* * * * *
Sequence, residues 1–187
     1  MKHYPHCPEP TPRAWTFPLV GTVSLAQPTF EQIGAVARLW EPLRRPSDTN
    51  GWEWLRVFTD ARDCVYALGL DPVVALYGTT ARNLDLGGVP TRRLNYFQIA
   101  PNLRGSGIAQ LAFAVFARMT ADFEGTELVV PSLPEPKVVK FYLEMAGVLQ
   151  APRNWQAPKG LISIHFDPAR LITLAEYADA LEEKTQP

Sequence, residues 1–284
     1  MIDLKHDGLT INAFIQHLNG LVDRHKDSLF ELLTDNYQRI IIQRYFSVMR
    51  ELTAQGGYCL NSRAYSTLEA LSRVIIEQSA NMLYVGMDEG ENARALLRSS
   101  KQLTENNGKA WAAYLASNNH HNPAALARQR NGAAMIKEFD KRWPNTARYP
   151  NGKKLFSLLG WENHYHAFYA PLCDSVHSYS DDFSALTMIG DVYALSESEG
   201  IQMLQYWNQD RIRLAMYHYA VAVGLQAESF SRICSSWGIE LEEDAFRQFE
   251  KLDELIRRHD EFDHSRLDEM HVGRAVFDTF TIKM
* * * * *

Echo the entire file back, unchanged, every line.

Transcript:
Sequence, residues 1–187
     1  MKHYPHCPEP TPRAWTFPLV GTVSLAQPTF EQIGAVARLW EPLRRPSDTN
    51  GWEWLRVFTD ARDCVYALGL DPVVALYGTT ARNLDLGGVP TRRLNYFQIA
   101  PNLRGSGIAQ LAFAVFARMT ADFEGTELVV PSLPEPKVVK FYLEMAGVLQ
   151  APRNWQAPKG LISIHFDPAR LITLAEYADA LEEKTQP

Sequence, residues 1–284
     1  MIDLKHDGLT INAFIQHLNG LVDRHKDSLF ELLTDNYQRI IIQRYFSVMR
    51  ELTAQGGYCL NSRAYSTLEA LSRVIIEQSA NMLYVGMDEG ENARALLRSS
   101  KQLTENNGKA WAAYLASNNH HNPAALARQR NGAAMIKEFD KRWPNTARYP
   151  NGKKLFSLLG WENHYHAFYA PLCDSVHSYS DDFSALTMIG DVYALSESEG
   201  IQMLQYWNQD RIRLAMYHYA VAVGLQAESF SRICSSWGIE LEEDAFRQFE
   251  KLDELIRRHD EFDHSRLDEM HVGRAVFDTF TIKM